Cultchless eastern oyster (Crassostrea virginica (Gmelin 1791)) culture on the Texas Gulf Coast: A feasibility analysis and comparison to traditional oyster fishing
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The feasibility of cultchless oyster (Crassostrea virginica ) culture was studied by a profitability analysis based on the production of 1.5 million market size oysters and was then compared to the economics of traditional oysters fishing. Costs of the production phase were estimated through trial grow-outs in Galveston Bay using laboratory reared larvae, the induction of cultchless spat via epinephrine treatment of larvae, and grow-out in floating tray culture. Losses at larval and spat stages were approximately 90%, but thereafter mortalities were slight (10%). Only 10% of the population was found to be lightly infected with the parasite Perkinsus marinus , even when they were grown in areas of high infection incidence (100%). Growth to market size was achieved in 10 months. The results suggested a small grower will need a minimum of four spawns to produce 1.5 million market size oysters. Hatchery costs varied primarily with the cost of algae production. Marketing costs varied with mortality, packing costs and alternate production options. The simulated net return after cash costs (NRACC) were achieved by selling the oysters in 200 count boxes as compared to the traditional boat sack. The costs of oyster fishing were analyzed in terms of production per boat per season and NRACC varied according to sale prices and number of boat sacks sold. It is concluded that the NRACC of oyster culture could be higher than that of traditional oyster fishing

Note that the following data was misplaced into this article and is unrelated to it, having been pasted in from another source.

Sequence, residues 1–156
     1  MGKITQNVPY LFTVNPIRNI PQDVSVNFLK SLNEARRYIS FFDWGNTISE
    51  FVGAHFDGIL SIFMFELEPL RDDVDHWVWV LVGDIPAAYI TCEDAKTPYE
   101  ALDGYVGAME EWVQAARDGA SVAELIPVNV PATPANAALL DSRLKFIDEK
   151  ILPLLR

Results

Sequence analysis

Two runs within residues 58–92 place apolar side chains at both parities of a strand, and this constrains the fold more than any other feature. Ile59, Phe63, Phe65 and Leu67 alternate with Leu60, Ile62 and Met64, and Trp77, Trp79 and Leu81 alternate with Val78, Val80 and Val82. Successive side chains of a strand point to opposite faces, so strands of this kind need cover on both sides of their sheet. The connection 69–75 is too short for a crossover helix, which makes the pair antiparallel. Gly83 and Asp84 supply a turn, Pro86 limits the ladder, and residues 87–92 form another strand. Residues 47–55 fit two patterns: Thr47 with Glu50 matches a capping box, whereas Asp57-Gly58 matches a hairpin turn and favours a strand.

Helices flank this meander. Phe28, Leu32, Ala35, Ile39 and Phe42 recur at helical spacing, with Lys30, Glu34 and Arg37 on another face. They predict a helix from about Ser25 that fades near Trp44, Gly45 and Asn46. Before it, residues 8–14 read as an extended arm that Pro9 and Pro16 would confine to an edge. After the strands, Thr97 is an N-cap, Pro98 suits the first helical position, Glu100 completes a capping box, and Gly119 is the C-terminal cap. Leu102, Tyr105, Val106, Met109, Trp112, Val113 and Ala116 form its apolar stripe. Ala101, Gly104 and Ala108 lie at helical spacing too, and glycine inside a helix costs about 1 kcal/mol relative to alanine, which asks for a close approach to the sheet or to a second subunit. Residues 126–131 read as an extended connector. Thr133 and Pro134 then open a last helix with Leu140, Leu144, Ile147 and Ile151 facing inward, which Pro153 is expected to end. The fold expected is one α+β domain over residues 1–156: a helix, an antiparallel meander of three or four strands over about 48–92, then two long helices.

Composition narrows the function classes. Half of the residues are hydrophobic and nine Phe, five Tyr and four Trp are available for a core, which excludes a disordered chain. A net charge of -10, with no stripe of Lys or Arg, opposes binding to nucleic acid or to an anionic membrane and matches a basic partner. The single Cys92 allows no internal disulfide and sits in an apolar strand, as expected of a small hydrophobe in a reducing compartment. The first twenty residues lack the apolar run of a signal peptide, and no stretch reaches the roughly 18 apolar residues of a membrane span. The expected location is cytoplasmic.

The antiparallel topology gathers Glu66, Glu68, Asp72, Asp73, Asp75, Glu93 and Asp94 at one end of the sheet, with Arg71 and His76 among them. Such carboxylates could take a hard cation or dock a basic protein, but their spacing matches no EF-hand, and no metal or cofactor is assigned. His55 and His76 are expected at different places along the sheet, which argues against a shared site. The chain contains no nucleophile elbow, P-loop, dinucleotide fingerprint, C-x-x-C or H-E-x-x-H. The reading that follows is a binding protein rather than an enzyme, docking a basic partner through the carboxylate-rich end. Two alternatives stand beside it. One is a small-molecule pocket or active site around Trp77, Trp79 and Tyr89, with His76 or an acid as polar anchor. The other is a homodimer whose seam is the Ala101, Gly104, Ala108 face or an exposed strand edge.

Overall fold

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Ray, Sammy M (2008-05-08)
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